Ruby port fig jam is a delicious, and beautiful condiment. It’s the perfect accompaniment to cheese and a must on a charcuterie board.
I’m definitely not a raw fig lover. I hadn’t really thought much about fig anything, until my neighbor made some fig jam several years ago, and served it with brie at our book club meeting. I was one of the best things I’d ever tasted. She served it with a variety of cheeses.
My taste buds have never looked back. I became obsessed with fig jam and brie. All I could think was how good it would taste with just a sliver of prosciutto.
The next day, I went on a search for fig jam. I think I went to 3 stores before I found a jar at a family run urban farm just a few miles from my house. I sandwiched some of that delicious jam in between some brie and prosciutto and added grilled onions; that was absolute perfection!
Last year, I was given a small fig tree. I planted it, then forgot about it, until this year, when it started producing figs. I was so excited that I took all 8 of the figs, and made exactly one jar of fig jam. Fig trees grow quickly making them a great addition to your backyard, if you live in the right climate. Every year our little tree produces more figs. This year yielded over 8 pounds.
Do figs need to be peeled?
No. Besides being quite difficult and time consuming, it’s not necessary. Once the figs cook down, the resulting jam with have a nice chunky texture.
How to make fig jam
Figs are delicate and have a very short shelf life. So once you pick them, they should be cooked within a day or two. Don’t rinse the figs until just before making the jam. In a large Dutch oven or heavy pot. Chop the figs and toss with sugar. There’s no need to add any liquid at this point. Stir the jam over a medium heat until all the sugar is dissolved. Gently cook sugar and figs until mixture is thick and shiny about 20-25 minutes. Once it’s thick, finish it with just a touch of ruby port and lemon juice.
How to test if jam is done
The old fashioned way to test if jam is ready to can is to put a teaspoon on an ice cold saucer. (I put one in the freezer when I start cooking the jam) When the jam is properly set, it will hold its shape when the saucer is tipped.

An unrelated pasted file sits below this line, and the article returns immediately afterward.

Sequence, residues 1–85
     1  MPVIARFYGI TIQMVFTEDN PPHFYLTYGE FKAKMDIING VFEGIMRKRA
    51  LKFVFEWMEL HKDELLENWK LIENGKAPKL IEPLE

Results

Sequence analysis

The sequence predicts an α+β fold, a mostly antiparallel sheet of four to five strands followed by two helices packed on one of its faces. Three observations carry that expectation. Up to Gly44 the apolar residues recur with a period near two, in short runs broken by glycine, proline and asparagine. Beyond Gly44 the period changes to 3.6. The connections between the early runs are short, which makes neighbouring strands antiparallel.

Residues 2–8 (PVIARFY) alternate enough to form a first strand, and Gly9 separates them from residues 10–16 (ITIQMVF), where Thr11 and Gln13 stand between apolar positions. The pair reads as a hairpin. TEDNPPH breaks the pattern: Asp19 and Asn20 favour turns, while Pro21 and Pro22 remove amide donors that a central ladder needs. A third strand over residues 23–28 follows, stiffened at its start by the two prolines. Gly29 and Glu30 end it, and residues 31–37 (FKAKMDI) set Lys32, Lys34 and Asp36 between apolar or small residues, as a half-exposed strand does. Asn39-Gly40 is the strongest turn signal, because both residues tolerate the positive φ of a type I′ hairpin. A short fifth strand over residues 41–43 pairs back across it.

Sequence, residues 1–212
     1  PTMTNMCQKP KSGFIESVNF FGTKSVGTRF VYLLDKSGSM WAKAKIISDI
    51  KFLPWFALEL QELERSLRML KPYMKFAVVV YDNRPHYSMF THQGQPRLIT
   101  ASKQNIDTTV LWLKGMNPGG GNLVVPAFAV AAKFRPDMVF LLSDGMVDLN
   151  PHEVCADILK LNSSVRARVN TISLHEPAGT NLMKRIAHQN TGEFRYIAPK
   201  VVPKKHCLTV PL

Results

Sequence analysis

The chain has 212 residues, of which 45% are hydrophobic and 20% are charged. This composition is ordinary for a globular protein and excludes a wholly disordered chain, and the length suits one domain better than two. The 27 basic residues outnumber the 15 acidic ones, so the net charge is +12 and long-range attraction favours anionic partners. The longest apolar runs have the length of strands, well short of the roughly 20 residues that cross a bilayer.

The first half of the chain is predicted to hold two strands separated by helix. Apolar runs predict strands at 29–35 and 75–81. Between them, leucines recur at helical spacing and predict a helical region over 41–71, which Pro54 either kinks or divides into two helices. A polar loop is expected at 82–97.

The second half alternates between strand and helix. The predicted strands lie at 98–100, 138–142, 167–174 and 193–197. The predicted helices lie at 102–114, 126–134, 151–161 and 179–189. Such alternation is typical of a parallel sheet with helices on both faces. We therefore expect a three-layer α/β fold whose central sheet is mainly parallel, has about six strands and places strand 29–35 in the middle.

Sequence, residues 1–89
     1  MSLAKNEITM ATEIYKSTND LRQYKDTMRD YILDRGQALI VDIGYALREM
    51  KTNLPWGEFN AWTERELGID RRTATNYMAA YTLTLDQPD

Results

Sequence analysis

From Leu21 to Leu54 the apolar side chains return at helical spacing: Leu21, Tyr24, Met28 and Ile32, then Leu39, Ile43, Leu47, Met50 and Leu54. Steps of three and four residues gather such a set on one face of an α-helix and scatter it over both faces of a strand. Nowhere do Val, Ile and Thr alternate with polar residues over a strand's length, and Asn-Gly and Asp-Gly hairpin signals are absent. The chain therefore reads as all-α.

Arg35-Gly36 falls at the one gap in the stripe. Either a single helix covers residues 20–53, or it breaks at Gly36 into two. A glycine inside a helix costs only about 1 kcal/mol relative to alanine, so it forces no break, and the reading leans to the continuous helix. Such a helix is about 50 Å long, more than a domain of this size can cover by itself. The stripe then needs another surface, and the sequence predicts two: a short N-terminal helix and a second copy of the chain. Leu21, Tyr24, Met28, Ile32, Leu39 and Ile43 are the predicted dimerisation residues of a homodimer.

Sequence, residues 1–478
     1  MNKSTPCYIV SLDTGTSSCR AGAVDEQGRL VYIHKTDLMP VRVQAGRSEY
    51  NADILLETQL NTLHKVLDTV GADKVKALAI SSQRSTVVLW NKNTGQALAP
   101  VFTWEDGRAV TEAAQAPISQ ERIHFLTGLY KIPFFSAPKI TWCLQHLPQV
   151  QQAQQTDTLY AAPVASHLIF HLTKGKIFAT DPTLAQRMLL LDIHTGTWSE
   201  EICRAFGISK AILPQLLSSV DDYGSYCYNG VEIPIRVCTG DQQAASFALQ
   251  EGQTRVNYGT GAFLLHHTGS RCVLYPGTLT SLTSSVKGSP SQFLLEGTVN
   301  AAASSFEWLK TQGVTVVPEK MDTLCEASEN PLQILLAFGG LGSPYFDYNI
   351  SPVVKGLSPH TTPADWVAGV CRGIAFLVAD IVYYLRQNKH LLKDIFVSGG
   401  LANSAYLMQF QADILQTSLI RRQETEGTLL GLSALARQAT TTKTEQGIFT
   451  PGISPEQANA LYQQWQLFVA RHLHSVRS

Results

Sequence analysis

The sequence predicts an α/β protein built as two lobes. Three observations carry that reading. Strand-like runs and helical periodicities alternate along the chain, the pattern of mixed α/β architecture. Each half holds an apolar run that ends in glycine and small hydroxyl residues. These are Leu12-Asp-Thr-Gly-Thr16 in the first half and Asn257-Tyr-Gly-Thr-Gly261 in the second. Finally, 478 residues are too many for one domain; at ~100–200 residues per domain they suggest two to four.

If you don’t trust your canning skills, and you’re making a small batch, you can store it in the refrigerator. If you’d like to make a larger batch you can consult the Ball website for more detailed instructions on how to can.
A jar of this ruby port fig jam with some crackers and cheese would make a lovely hostess gift too!
Ruby Port Fig Jam
- 1 pound fresh figs chopped
- 1 1/2 cups sugar
- 1/2 vanilla bean scraped, for seeds
- 2 Tablespoons ruby port
- 1 Tablespoon lemon juice
- pinch kosher salt
- Bring figs, sugar, the seeds from 1/2 vanilla bean and salt to a boil in a saucepan over medium heat and stir until the sugar melts.
- Continue cooking, stirring occasionally, until a drop of the mixture sets on a chilled plate, about 20 minutes.
- Remove from the heat. Stir in lemon juice and ruby port.
- Fill sterilized jars, leaving a 1/2-inch headspace, then seal and process for 10 minutes. Process according to Ball's procedures.
- Jam can also be stored in sterilized jars in the refrigerator for up to 6 months.
I’ve never played with fresh figs because I can’t get them where I live. But I do a lot with dried figs. I love your jam – especially love the addition of the port!
Faith (An Edible Mosaic) says
I completely agree – brie and fig jam is such an amazing pairing! Your jam looks wonderful, I bet the fig flavor really shines.
Now you’ve got me craving fig jam and Brie!
go for it!
Perfect combo and recipe. I can’t seem to make figs into anything, I eat them well before they make it into a recipe. But I will have tot ry this!
They’re a bit too sweet for me to eat as is, i need the savory component to balance it!
Kimberly @ The Daring Gourmet says
Oooh, this sounds SO good! And I just happened to pick up a wheel of brie yesterday, score! 🙂
Brandon @ Kitchen Konfidence says
Fig jam is a favorite of mine! Especially this time of the year. Your version looks really tasty.
Thank you Brandon. I was just excited to get a few fresh figs off my tree!
This jam looks amazing! I’m a fig lover of all types and I can see this going sweet or savory.
That’s the best part…it can go sweet or savory!
It took me a while to figure out what figs were all about too, until I had some fig jam on a charcuterie platter…might have been some cheese on there too. Revelation!
Brie and fig jam is match made in heaven, as far as I’m concerned Anita!
This looks super good! Thanks for sharing!
Jessica @ Jessica in the Kitchen says
Love this homemade jam – I’m looking forward to so many figs!
Me too Jessica! I’m so happy to have a little fig tree! Looking forward to a bigger crop next year!
Donnie Lewis says
Hi, did you peel your figs first or did you just cut them up before cooking them?
nope! I just cook them with the skin on!
nope, just chop them
Cindy carmichael says
Can someone tell me where to get fresh figs? I live in Michigan and only see dried. Can these be used?
Hi Cindy! Fresh figs are usually available in the late summer to early fall. I make enough jam to last the year!